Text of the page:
Migration in the Shadow of the UN

How is migration a factor or force present in your situation — in your teaching, ministry, research, advocacy?
Our wager with the APT Biennial theme is that migration is ingredient to practical theological work today. Of the three plenary sessions at the Biennial, one (“Black Lives Matter and Practical Theology”) will take place at Fordham in The Bronx, and two (“Migration and Practical Theology” and “Global Ecumenical Perspectives on Migration”) will take place in the shadow of the iconic UN conference building, at the UN Church Center.
Not long into the planning of the conference, I remembered that I grew up with a print of a painting of Jesus at the UN, framed, in my family’s living room. Living with this picture over the course of my childhood made an impression on me, but I had ‘forgotten’ about it until recently when I was looking at the UN building out the windows of the Church Center. I found a framed print on Ebay — not in great shape — and now it sits on the floor of my office waiting for me to figure out what to do with it. It is a conversation starter when colleagues or students come in! One colleague recently looked at it and said it spoke of Christian skepticism about the United Nations (Jesus is ‘locked out’); a student compared it to the current crop of superhero movies with action figures flying around skyscrapers, with a twist: here, Jesus is not a swaggering force in the city, but offering gently to help out at the UN (Jesus ‘wants in’). Among the many things I thought about that picture growing up, it’s basically been a picture of ‘dialogue’ for me between ‘world’ and ‘church,’ as in, ‘Can we talk?’ No doubt that ‘seeing’ was and is ‘framed’ by the kind of Catholic upbringing I had. Here’s a picture of the print sitting in my office.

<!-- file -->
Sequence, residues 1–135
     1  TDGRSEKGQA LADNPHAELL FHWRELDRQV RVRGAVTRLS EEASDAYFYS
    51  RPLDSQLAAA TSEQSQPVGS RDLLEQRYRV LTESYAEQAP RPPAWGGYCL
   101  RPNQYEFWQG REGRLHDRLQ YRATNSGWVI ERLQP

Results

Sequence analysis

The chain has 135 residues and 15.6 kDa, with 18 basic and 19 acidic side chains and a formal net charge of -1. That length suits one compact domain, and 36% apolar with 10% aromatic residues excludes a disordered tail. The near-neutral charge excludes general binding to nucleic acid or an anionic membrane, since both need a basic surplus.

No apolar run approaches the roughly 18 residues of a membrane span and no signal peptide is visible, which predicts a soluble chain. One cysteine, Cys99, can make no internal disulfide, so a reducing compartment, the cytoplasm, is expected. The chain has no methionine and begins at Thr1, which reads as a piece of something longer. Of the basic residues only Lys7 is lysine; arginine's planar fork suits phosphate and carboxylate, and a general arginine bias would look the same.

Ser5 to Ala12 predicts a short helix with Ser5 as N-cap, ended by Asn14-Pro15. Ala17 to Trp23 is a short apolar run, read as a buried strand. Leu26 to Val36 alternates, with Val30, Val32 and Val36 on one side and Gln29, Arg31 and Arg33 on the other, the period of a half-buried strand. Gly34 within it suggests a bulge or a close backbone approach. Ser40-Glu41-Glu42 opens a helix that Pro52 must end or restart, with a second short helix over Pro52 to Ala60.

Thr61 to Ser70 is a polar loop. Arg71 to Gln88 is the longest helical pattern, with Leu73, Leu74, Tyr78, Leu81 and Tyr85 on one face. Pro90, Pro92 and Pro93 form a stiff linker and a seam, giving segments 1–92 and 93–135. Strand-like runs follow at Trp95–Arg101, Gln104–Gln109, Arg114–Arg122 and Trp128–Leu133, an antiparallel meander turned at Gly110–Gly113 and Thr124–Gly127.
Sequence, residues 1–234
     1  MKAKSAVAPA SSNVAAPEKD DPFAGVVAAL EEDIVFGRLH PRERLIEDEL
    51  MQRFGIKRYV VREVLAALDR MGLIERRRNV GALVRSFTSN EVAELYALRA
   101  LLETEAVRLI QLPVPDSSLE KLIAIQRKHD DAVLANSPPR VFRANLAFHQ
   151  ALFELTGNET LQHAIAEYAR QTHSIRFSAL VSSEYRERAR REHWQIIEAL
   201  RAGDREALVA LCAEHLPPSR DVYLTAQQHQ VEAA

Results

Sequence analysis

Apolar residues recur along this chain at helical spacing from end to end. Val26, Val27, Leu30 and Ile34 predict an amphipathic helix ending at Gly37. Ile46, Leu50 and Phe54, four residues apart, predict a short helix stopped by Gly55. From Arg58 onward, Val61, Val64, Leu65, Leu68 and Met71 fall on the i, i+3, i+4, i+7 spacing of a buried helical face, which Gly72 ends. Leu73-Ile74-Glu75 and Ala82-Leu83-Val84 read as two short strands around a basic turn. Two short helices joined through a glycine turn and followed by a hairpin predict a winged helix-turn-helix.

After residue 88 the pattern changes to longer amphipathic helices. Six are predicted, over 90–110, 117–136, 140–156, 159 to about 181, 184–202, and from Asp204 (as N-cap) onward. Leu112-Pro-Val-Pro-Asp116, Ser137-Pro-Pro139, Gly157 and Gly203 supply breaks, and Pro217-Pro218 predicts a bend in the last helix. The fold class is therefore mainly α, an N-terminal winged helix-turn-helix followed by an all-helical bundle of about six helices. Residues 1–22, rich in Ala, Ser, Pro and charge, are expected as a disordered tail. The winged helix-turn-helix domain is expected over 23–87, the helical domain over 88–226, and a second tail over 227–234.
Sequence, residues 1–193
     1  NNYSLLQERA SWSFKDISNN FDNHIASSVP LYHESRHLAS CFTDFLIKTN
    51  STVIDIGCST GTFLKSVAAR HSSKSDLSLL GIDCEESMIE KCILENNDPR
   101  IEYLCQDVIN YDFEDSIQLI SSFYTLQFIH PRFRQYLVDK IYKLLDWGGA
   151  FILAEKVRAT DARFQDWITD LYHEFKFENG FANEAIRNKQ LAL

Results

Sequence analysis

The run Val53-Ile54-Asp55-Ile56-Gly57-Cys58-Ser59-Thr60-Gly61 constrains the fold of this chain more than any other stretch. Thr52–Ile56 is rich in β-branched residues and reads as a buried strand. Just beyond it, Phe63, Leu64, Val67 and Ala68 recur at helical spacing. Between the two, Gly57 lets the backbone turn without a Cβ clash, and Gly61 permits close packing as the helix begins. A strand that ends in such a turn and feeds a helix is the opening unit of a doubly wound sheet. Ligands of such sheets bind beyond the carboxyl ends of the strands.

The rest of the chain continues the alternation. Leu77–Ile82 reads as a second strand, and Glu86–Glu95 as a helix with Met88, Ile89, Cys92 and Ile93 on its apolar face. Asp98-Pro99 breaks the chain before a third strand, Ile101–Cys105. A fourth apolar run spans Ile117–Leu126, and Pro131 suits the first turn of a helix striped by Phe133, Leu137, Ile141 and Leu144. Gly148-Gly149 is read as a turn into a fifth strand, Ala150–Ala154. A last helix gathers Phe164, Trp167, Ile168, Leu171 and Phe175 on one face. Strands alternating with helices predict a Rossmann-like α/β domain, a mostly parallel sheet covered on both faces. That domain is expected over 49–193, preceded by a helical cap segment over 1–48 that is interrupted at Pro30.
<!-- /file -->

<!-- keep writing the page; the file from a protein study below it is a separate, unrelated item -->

What do you think of when you see it? And how is such ‘seeing’ related to your practical theological situation – of migration?
Tom Beaudoin, Fordham University

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